Economics in West African Irrigated-Rice Production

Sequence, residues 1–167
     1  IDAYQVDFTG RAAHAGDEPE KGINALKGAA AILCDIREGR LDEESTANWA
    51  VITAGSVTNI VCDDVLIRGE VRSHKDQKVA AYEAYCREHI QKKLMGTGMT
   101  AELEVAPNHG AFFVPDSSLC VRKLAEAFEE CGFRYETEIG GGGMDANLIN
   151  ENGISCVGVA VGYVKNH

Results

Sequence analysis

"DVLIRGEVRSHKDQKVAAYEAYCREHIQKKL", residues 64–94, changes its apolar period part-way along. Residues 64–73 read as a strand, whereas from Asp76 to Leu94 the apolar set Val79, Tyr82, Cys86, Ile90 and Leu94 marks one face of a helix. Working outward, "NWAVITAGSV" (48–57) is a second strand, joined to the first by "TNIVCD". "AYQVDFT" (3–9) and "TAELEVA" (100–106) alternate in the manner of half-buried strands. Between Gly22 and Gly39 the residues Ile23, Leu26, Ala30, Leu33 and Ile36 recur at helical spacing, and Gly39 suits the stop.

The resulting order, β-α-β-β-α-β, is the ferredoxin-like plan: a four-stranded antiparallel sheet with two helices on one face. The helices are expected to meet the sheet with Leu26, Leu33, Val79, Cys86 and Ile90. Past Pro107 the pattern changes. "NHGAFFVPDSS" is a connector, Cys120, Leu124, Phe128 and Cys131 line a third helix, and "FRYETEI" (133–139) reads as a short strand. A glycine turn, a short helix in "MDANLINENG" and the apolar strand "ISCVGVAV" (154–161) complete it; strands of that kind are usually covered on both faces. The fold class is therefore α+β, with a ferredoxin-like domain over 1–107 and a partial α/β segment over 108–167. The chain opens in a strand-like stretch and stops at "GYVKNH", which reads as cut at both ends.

The main objective of this investigation is to contribute to the ongoing debate on the effects of the West African Economic and Monetary Union (WAEMU), common external tariff (CET) measures on the competitiveness of the irrigated-rice production system in Niger. The policy analysis matrix (PAM) approach was used to evaluate the various policy effects, based on farm-level, postharvest and rice-marketing data, as well as the financial and economic parity prices of different brands of imported-rice. Results from the PAM base-scenario model showed that under the evaluated CET policy irrigated rice production, activities were competitive and private operators had positive financial gains, meaning that private profitability was positive. Moreover, the irrigated-rice production enterprise revealed positive economic profitability for both retailers and wholesalers. Thus, it generated a net positive income for the national economy per unit of land devoted to this activity. One can argue that the irrigated rice system under the CET was generally competitive (positive private profitability) and had a potential for growth (positive economic profitability). Despite its competitiveness and efficiency, the irrigated rice production system still performs below potential because it lacks additional incentives. Some sensitivity analyses were performed with single-factor and simultaneous changes of several factors, which confirmed the necessity of providing further incentives to the system. The research results suggest that greater incentives should be given in terms of improving marketing channels, especially for retail rice marketing in which a great number of women rice traders are active.
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